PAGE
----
The promotional flyer recounting the history of Cosenza, a town in the southern Calabria region, was distributed at the Bit international travel fair in Milan earlier this month.
It recounted the life of Alaric I, a fifth-century king responsible for the 410 sack of Rome, and who is believed to have died in Cosenza.
Himmler was credited with sending archaeologists to the town in the 1930s, to search for the tomb of Alaric I owing to the king’s links to Germanic tribes.
But including the Nazi’s image in the brochure was met with criticism in Milan, prompting authorities in Calabria to order the image to be removed, Il Quotidiano del Sud reported.
Mayor Mario Occhiuto said the use of the “inappropriate” photo was an “unintentional mistake” by those behind the brochure.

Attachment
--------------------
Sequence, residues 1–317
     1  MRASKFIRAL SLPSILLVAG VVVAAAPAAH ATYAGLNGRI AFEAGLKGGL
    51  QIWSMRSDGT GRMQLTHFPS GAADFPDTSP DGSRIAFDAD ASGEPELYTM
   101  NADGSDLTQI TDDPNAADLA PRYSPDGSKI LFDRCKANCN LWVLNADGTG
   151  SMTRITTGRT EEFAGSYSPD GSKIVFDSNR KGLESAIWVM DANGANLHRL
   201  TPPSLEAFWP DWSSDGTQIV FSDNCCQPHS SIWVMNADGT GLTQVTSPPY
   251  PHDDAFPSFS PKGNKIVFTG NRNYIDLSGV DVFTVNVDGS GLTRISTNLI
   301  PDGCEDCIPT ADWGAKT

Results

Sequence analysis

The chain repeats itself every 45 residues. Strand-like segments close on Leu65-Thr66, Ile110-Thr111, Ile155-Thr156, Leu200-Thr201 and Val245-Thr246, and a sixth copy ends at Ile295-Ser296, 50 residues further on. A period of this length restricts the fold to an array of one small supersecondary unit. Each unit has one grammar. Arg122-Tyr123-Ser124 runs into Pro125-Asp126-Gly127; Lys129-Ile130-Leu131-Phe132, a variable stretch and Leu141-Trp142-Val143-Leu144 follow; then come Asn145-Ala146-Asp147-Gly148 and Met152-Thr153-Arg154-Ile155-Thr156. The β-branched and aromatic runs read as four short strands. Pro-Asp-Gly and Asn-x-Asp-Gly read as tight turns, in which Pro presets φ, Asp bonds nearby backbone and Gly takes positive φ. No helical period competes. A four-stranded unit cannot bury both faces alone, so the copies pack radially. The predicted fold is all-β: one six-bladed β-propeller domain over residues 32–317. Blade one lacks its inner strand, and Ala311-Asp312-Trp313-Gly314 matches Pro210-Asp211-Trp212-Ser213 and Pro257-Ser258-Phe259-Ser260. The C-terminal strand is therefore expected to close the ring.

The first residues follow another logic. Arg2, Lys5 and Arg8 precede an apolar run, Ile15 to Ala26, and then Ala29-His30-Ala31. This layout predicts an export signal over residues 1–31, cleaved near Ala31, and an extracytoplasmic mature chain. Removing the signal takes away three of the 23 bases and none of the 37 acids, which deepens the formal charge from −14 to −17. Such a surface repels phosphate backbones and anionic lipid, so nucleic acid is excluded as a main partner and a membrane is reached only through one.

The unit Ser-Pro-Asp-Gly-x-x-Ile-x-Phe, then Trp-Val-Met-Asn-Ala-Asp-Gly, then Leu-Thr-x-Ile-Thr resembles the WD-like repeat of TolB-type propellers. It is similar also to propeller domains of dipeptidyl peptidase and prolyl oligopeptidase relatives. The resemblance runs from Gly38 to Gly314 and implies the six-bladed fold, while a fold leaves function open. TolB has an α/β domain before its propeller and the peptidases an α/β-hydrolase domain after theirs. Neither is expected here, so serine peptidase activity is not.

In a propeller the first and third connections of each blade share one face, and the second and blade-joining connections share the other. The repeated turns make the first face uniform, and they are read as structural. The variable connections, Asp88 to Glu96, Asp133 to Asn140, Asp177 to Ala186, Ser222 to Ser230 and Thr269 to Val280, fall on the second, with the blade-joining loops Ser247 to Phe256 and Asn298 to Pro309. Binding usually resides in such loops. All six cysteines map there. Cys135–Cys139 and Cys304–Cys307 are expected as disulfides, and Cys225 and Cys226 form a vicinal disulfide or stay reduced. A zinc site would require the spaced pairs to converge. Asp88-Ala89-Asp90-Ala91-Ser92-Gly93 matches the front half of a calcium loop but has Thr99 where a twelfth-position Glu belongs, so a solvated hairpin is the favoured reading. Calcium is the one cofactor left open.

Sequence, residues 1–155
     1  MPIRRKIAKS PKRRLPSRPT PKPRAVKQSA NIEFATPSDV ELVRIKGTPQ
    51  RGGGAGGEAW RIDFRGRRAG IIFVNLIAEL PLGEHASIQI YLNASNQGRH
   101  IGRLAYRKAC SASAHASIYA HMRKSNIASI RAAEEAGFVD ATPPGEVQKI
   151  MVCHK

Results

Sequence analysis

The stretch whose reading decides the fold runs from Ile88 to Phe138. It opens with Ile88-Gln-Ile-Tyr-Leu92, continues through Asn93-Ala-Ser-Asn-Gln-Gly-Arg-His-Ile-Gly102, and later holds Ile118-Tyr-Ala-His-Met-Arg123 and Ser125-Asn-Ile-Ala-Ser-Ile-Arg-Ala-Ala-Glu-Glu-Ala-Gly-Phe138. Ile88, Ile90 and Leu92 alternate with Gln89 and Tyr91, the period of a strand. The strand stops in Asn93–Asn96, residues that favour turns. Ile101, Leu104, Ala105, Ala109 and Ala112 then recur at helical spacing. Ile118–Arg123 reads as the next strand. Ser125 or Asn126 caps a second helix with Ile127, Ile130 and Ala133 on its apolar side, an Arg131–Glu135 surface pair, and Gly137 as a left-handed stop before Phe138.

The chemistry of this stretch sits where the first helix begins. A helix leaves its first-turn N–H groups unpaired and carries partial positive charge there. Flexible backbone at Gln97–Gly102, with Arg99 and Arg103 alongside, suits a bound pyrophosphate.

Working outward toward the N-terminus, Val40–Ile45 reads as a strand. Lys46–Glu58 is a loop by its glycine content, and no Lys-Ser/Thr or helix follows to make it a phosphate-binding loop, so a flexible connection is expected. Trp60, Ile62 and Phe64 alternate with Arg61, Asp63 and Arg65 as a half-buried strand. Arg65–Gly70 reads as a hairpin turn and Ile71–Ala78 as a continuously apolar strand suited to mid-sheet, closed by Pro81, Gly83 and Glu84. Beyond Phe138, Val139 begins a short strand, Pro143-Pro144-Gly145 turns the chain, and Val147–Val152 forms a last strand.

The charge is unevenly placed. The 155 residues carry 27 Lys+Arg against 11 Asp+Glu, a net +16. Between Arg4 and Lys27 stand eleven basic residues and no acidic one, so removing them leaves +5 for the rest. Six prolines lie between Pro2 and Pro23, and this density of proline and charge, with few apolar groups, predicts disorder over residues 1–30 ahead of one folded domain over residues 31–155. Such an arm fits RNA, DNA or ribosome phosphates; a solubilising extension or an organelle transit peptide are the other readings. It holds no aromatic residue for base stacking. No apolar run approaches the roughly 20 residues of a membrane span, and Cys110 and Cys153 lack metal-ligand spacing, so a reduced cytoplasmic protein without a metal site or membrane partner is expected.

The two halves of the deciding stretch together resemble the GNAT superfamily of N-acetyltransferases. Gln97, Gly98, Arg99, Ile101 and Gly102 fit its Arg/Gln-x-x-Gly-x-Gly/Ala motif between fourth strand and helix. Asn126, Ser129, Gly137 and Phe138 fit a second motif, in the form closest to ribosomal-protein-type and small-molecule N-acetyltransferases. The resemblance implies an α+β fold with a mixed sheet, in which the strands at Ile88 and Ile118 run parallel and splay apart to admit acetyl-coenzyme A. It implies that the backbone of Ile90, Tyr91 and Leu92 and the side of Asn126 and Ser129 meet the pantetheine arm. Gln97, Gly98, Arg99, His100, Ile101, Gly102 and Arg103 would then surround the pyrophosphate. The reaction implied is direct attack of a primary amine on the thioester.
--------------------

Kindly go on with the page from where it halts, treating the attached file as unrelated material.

“In any case, I have already taken on the responsibility of what happened and I have offered my apologies,” Occhiuto wrote on Facebook.
Himmler masterminded the “Final Solution”, which sought to kill all European Jews, and was the second most powerful Nazi behind leader Adolf Hitler.
Italian families of Nazi victims are still trying to seek justice for their relatives, with Italy ruling in October that they could seek compensation from Germany through the Italian courts.
The decision last year however goes against a 2012 ruling at the UN’s International Court of Justice, which stated that individuals could not take foreign countries to court.
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